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Possible definitions of critical thinking
(1) Critical thinking means not believing everything you read or are being
told.
(2) Critical thinking means asking people to justify what they say.
(3) Critical thinking means asking good questions.
(4) Critical thinking means constructing an argument about something.
(5) Critical thinking means thinking about how you construct your knowledge
of the world.
(6) Critical thinking means thinking like a scientist, or historian or
mathematician.
(7) Critical thinking is philosophy.
Problems with these definitions
(1) Critical thinking means not believing everything you read or are being told.
If we are sceptical about everything we read or are told, then we cannot make any progress in
the growth of our knowledge.
(2) Critical thinking means asking people to justify what they say.
Justification takes different forms and what makes an acceptable justification will vary in
different circumstances.
(3) Critical thinking means asking good questions.
As with justification, what makes a question a ‘good’ question will depend on context, and
usually requires knowledge of the thing being looked at.
(4) Critical thinking means constructing an argument about something.
Arguments can be valid and invalid, and so critical thinking here requires knowledge of how
arguments are constructed, both in general and in specific fields.
Problems with these definitions
(5) Critical thinking means thinking about how you construct your knowledge of the world.
It is difficult to get a sense of how your knowledge is being constructed because you often are not
conscious of everything affecting your construction of knowledge.
(6) Critical thinking means thinking like a scientist, or historian or mathematician.
Thinking like a scientist, a historian or a mathematician requires quite in-depth knowledge of
those disciplines.
(7) Critical thinking is philosophy.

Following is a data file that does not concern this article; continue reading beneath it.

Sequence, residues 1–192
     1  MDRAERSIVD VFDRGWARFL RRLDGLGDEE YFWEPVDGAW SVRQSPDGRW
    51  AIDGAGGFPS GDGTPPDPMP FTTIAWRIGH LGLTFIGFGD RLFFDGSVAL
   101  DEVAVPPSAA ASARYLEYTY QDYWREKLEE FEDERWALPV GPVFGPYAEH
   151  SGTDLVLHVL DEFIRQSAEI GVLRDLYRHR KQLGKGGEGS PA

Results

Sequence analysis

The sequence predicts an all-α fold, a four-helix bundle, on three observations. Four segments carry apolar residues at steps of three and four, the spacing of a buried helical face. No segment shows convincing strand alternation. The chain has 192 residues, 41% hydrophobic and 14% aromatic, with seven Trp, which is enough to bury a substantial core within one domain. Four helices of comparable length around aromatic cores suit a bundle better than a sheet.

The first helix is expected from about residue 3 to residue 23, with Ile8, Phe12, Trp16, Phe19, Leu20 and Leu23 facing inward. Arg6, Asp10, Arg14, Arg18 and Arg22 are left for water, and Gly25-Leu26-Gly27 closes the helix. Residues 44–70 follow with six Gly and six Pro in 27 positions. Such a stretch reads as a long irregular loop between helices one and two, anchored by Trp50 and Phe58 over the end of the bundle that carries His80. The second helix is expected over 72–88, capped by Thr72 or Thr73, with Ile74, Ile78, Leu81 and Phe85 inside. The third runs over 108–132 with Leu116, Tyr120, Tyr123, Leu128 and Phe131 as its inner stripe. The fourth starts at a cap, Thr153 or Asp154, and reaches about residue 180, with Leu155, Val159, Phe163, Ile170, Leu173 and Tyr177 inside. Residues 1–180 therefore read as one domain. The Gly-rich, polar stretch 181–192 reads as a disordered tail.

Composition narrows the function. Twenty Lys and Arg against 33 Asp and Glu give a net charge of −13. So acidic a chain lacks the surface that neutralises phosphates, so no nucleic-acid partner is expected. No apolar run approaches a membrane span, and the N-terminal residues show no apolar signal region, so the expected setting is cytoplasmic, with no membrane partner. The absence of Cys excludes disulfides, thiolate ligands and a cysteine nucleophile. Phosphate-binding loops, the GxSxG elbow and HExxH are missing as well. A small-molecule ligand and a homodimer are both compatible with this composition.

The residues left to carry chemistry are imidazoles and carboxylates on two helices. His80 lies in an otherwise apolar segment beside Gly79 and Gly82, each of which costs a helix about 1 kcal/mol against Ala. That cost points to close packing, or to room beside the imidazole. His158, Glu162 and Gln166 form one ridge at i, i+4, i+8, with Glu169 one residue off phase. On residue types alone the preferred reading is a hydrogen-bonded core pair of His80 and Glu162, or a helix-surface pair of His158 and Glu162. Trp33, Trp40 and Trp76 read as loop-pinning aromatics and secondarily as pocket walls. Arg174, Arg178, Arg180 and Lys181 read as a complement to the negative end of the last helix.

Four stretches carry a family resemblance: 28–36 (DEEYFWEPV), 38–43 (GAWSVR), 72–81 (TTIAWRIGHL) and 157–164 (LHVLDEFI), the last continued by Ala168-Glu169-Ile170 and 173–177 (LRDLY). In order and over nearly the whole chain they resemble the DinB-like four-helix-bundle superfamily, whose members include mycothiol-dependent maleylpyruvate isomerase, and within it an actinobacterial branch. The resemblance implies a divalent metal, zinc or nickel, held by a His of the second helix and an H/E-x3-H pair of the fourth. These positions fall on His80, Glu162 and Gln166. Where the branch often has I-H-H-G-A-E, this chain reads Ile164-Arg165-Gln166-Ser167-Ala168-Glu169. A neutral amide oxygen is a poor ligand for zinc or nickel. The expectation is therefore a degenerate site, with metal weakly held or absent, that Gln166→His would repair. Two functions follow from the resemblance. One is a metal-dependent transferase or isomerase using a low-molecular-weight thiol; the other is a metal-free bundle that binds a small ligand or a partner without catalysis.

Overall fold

There are strict rules about how philosophical questions arguments are constructed that require
knowledge of the field of philosophy.
Is critical thinking domain-specific?
Bailin et al (1999) examined what ‘critical thinking’ means. They argued
that critical thinking is not
• a skill or set of skills
• a mental process
• a procedure
Instead, they argued that critical thinking involves the application of
context-specific and domain-specific reasoning. They went on to argue that
the following kinds of knowledge are needed in order to enter into a
process of critical thinking:
• knowledge of the background of the thing we are thinking about
• knowledge of what ‘good thinking’ about that something looks like
• knowledge of critical concepts such a ‘evidence’ and ‘proof’
Can you prove
•
that the area of a circle is πr2?
•
that water contains hydrogen?
•
that the earth has moving tectonic plates?
•
that perestroika led to the collapse of the Soviet Union?
•
that Abai wanted Kazakhstan to look to the west?
How would you go about proving these points?
What kind of critical thinking would it require?
What
questions
would you
ask of this
source?
What is being
shown in this
source?
Why was this
source produced?
Subject
Chemistry
History
Geography
Literature
What does critical thinking look
like in this subject?
What kinds of activities can
teachers do to get pupils thinking
critically in this subject?
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